I’m not sure what happened, but this is what Google street view is showing today. At first I thought that maybe I had the wrong place. But continual swinging around showed my great-aunt’s house across the road and another house that was unmistakable to me. In horror and disbelief, I clicked out of the view. No, no, it is a mistake. The next day I looked again and zoomed in as far as I could. My grandparents had an outside hydrant a few feet from the back door. The hydrant was on top of a pipe that was about 12-18 inches high. When the county mandated that everyone switch to their nasty water my grandfather had defiantly left this hydrant on the well so they could water their garden! The pipe was still there, it was unmistakable. The house is gone.
After going through the stages of grief I finally had to admit that perhaps there was a calamity that befell the house and made the clearing away a necessity. There are no signs of fire, but perhaps a summer lightening storm or winter ice storm had brought down a tree on the house. I had to wonder if it was just simply neglect and something like the roof caving in led to it’s clearing away. And, perhaps, just perhaps, the house was relocated somewhere. But in my heart, I know that my cousin probably got tired of seeing it and called in a bulldozer and dump truck.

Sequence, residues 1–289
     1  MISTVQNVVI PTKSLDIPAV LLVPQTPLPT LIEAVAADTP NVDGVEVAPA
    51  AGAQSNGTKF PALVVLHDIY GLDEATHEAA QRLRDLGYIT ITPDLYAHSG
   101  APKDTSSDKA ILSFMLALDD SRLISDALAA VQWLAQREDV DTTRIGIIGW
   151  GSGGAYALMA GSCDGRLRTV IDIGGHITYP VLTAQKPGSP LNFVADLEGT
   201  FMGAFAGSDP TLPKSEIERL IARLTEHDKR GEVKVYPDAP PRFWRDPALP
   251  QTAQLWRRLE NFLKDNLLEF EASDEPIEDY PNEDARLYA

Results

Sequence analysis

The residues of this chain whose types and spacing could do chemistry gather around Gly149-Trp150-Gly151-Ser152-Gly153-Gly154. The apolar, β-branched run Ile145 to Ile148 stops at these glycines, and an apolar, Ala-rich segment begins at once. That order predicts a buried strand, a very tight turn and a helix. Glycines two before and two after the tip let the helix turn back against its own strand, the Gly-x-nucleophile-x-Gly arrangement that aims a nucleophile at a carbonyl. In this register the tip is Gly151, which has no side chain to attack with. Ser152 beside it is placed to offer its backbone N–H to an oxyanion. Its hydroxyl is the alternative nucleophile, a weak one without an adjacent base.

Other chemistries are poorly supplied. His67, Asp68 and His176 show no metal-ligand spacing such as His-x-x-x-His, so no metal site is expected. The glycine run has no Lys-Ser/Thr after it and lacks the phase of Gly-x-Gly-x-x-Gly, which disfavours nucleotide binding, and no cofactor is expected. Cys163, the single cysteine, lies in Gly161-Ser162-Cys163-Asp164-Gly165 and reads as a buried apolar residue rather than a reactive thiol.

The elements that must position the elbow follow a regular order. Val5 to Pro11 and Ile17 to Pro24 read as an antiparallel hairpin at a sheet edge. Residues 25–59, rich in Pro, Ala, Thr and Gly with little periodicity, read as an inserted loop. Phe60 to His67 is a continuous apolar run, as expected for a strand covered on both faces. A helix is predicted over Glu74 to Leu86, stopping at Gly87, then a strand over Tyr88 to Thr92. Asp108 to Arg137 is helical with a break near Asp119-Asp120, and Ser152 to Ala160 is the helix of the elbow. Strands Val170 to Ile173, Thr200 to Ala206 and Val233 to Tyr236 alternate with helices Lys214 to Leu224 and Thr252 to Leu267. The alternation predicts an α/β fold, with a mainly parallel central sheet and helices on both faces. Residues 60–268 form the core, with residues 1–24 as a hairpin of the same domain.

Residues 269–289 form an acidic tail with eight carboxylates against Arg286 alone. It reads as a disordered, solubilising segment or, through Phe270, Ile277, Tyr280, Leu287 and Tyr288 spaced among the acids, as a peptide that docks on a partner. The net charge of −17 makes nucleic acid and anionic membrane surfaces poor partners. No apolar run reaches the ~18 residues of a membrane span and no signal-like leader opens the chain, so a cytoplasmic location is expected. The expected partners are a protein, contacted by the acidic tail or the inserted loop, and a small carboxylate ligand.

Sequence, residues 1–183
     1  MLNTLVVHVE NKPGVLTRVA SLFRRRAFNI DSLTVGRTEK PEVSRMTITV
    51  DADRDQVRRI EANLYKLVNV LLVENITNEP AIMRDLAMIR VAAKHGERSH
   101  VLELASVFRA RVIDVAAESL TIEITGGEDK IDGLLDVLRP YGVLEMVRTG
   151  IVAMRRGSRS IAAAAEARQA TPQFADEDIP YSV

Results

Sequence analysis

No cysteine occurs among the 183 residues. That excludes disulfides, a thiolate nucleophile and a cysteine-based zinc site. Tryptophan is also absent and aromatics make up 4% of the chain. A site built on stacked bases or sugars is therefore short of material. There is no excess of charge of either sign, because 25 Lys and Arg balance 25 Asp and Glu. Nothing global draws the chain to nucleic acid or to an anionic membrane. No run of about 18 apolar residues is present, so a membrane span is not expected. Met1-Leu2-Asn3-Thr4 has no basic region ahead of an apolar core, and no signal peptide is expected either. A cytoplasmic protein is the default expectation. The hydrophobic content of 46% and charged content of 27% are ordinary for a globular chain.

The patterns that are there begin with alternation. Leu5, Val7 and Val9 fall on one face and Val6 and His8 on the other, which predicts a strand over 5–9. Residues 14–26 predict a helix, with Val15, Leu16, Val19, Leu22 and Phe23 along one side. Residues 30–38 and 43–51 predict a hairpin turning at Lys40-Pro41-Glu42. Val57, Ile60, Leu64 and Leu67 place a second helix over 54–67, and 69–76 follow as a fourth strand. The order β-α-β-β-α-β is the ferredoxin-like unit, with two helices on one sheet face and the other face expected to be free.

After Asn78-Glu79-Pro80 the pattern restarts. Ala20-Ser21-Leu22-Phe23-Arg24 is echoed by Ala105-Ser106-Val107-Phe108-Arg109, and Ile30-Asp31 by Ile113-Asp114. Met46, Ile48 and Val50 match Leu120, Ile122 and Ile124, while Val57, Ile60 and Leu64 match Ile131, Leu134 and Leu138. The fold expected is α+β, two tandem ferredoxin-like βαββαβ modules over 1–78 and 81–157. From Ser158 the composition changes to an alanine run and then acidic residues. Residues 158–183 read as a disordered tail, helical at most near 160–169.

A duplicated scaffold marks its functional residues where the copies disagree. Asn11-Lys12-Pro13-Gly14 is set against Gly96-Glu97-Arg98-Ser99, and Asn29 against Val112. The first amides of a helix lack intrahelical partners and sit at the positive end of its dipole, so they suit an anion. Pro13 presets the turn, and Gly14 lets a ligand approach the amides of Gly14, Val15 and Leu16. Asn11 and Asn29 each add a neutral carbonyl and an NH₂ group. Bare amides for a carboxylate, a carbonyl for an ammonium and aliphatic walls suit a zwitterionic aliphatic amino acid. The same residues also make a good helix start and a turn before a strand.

So shame on you cousin that I haven’t seen in over 40 years and probably never will see again. You never spent more than a few days at a time in this house when you came to visit. You never spent a summer here and knew our grandparents one-on-one like I did. You never worked in the garden and spent hot summer afternoons sitting under the trees snapping beans. You never snuggled down under a quilt on a winter night as the warmth from the space heater faded. You never sat for hours looking at old pictures and talking to Mamaw about who those people were (do you know your family tree?). Shame on you for building your big modern home on the hill above the lake and turning your back on the poor little house by the road. Shame on your father for letting it begin the descent into no turning back. Shame on my mother, too for so hastily signing over her portion of the property and then not encouraging her brother to maintain the house. Shame on me, too, although I don’t know what I could have done.
This has turned into a long post, thank you dear readers for staying with me if you got this far. There are many things I want to say, but I’m going to conclude with just one thought.
It doesn’t matter if it is historically significant property or just a humble house along the road. There is no excuse to let it deteriorate due to neglect. There is no excuse in thinking that it is just an old building that needs to be torn down. There is no excuse!